A Year of Creating Dangerously, Day 46: A Kiss is Just a Kiss

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“Here’s Looking at You” Ronald Kok, 2016, Charcoal on paper

Though it is February 15, I thought it might still be okay to stay on the Love theme of Valentine’s Day! Here are some famous romantic images from the history of art (and one not-so-famous that I drew myself – my wife and I on our wedding day). You’ll see the tenderness, emotion, passion, ridiculousness, clumsiness and mystery of love in these artworks. A kiss is just a kiss… unless it is preserved forever on paper, canvas or in stone, of course.

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“The Kiss” by Gustav Klimt, 1908. Certainly the most famous of all of Klimt’s work, infused with his trademark eroticism.

 

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“Pygmalion and Galatea” by Jean-Leon Gerome, 1890. This painting depicts the story by Ovid of Pygmalion, the statue created by Galatea, which is brought to life by the goddess Venus.

 

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“In Bed: the Kiss” by Henri de Toulouse-Latrec, 1892. For its time period, this is a shockingly intimate moment to be portrayed in art.

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“The Kiss” by Constantin Brancusi. One of four versions of this sculpture that Brancusi created. This work makes me laugh as it reminds me that most of us don’t have that Greek god/goddess body: We look more like one of these two!

The Kiss 1901-4 by Auguste Rodin 1840-1917

“The Kiss” by Auguste Rodin. And then there are those with those Greek god/goddess bodies… In this famous sculpture, the lovers’ lips never actually touch, symbolizing a story to two lovers who were killed before they had the chance to consummate their love for each other.

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“The Birthday” by Marc Chagall, 1915. Chagall pictures himself and his wife Bella in dreamy and playful bliss on the occasion of her birthday. As others have remarked, Chagall illustrates how he could bend over backwards for love.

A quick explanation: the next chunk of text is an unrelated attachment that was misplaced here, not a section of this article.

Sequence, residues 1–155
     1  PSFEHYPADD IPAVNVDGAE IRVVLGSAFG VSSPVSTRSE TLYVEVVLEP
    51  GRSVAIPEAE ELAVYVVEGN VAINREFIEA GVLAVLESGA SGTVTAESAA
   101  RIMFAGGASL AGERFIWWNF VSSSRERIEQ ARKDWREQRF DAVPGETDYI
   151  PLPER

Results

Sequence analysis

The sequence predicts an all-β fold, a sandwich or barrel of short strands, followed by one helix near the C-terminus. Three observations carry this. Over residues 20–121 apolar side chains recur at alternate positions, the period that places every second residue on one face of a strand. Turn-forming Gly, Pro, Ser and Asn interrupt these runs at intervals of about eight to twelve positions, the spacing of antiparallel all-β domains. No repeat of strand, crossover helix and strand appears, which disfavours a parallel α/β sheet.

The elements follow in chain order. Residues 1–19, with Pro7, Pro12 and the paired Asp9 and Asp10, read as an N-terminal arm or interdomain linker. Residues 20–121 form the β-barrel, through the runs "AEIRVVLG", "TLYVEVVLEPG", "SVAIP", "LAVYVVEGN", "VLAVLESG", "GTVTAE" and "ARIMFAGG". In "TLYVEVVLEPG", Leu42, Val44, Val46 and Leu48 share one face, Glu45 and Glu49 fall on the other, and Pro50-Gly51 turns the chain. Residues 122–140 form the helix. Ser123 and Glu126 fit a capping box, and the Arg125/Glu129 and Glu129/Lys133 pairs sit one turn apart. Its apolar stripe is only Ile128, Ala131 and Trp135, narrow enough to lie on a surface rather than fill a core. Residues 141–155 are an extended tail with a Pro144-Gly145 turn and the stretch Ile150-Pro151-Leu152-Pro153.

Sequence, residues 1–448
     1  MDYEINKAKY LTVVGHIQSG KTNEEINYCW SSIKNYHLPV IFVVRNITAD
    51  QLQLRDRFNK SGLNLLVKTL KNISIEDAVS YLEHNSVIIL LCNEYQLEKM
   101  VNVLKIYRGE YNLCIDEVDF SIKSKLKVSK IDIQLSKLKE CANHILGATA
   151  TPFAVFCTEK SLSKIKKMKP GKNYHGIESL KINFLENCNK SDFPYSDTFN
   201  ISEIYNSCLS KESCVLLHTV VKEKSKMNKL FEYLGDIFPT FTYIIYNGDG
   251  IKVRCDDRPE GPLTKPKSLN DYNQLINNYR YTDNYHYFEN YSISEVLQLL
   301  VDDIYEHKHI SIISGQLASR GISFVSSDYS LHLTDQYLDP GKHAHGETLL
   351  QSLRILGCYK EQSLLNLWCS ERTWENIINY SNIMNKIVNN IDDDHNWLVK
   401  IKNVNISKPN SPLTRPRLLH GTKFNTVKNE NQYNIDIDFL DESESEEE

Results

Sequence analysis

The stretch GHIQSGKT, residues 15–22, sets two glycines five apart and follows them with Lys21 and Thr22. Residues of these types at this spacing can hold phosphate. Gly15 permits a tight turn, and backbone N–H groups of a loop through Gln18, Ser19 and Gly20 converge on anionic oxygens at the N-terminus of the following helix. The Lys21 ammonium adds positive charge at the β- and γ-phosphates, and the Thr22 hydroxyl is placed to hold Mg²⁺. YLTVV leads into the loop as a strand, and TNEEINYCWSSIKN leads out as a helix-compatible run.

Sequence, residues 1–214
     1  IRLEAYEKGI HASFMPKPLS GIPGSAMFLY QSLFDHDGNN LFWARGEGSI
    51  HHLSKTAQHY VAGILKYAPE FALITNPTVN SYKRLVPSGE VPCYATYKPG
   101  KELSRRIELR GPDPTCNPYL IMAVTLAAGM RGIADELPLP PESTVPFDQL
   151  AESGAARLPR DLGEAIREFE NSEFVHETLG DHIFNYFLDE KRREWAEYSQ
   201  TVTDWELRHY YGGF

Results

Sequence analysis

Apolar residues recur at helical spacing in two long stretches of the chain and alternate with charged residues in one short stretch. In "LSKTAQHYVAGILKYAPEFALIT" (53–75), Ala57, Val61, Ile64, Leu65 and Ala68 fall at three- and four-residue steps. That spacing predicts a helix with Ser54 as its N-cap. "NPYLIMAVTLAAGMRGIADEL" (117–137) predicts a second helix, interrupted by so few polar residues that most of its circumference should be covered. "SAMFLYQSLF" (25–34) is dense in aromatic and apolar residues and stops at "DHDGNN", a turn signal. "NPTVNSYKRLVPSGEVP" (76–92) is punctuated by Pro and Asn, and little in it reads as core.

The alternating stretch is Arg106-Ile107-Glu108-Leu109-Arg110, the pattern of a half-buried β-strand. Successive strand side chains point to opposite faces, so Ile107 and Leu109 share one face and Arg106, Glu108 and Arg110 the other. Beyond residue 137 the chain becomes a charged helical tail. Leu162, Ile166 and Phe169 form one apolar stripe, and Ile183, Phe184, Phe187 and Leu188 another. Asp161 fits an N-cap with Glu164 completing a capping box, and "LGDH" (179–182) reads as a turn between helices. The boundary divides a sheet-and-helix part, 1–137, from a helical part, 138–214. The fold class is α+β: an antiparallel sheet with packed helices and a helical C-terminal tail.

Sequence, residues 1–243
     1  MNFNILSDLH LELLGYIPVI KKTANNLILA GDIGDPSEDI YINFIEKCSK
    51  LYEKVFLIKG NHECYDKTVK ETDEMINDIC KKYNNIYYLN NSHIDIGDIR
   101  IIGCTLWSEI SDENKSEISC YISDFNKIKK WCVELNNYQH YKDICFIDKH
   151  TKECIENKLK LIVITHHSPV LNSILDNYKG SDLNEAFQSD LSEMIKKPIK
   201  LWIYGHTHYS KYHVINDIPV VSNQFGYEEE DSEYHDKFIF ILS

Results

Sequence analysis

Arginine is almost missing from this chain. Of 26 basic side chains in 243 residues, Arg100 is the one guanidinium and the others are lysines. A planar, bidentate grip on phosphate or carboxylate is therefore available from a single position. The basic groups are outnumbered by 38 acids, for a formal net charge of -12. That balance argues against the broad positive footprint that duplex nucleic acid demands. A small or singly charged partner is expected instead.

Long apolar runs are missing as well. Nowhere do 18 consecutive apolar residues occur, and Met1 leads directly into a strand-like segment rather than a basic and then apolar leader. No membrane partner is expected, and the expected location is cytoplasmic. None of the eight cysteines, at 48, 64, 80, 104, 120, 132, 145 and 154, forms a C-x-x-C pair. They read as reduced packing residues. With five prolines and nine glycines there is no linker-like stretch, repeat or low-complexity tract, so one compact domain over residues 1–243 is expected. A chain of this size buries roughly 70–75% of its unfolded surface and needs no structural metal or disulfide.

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“Kiss V” by Roy Lichtenstein, 1964. I love Lichtenstein’s comic book-inspired art. This embrace leaves room for ambiguity: Is this joy, sadness, or grief? We can’t be sure. However, we can be sure of the genuine affection and empathy of this piece, despite the graphic art nature of it.

A Year of Creating Dangerously, Day 18: Sincere Flattery Gallery

The saying goes: “Imitation is the sincerest form of flattery”. It also happens to be a dynamite way to re-educate yourself in art!

About 25 years elapsed between the time I graduated from Calvin College with a Fine Arts Degree to when I began to seriously make art again. I had dabbled in things, of course. I drew cartoons, did the occasional artwork for some church event, whipped out a drawing for my kids to color, etc. but to actually sit down and draw for drawing sake… it had been a loooooong time. So I set about putting myself through some basics of art education. One of my favorite things to do was look up famous portraits by the masters and attempt to copy them. Now “copy” sounds like I was sharpening my forgery skills. No – I was looking at the Greats in order to teach myself more about color and form, the use of line and shade, and all those things that flow so much better when you haven’t been NOT doing art for a loooooong time! I wasn’t trying for exact replicas and ¬†was using cheap oil pastels and pencil crayons on lousy paper. Basically they were ramshackle sketches of masterpieces. But I enjoyed the process and the results gave me confidence to create again.

Here is a gallery of of my Sincere Flattery and my sincere attempt to get my Art-Jones back again! It probably goes without saying but the original is on the left! And if you want to know the artist and artwork, the caption is supposed to pop up when you put the cursor on the portrait (at least it did for me – sorry if it doesn’t work for you). All of my copies are done in oil pastels with some pencil crayon touches. The one just below was done with a $2 set of pastels from a teacher’s supply store! Enjoy.